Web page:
Free range access to the refrigerator and the lack of a dress code are often celebrated by people who work at home. Some of the benefits are more vague but even more important. One non-profit director reported that he enjoys “the free-thinking environment” that working at home ensures. He finds that he is able to think better away from the institutional setting of an office. He also noted the amount of money he saves in commuting when he works.
Although recent research does not identify whether or not people who work at home choose to, certainly the role of choice is an underlying aspect of these surveyed workers. This seems particularly relevant when considering who is working at home these days. Largely people with more education are the ones finding work at home. In 2010, on the days that they worked, 36 percent of employed people age 25 and over with a bachelor’s degree or higher did some work at home, compared with only 10 percent of those with less than a high school diploma.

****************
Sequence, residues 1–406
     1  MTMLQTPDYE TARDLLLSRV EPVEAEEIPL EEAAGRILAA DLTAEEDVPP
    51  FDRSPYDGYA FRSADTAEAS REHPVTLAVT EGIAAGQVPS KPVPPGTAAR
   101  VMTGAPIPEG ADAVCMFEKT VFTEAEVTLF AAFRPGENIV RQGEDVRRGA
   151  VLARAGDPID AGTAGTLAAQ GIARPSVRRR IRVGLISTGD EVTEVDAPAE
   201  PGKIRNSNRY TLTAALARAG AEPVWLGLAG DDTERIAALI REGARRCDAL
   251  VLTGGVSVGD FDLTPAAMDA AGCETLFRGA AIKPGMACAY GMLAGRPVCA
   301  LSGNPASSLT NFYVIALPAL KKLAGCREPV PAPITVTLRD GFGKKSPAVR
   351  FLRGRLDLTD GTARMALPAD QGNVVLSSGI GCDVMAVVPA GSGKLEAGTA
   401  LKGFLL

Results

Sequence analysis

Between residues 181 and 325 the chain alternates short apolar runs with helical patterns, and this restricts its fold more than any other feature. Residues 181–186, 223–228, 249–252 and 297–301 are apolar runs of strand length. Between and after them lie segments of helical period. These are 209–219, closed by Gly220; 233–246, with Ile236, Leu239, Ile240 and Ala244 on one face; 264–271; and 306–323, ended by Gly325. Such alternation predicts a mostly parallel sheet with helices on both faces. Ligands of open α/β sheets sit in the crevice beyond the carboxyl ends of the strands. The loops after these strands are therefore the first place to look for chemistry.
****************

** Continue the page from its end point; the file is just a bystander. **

Men and women were about equally likely to do some or all of their work at home in 2010—22.9 percent of employed men compared with 24.5 percent of employed women. In 2010, multiple jobholders were nearly twice as likely to work at home as were single jobholders in 2010—39 percent compared with 22 percent.
Self-employed workers were three times more likely than wage and salary workers to have done some work at home on days worked in 2010—64 percent compared with 19 percent.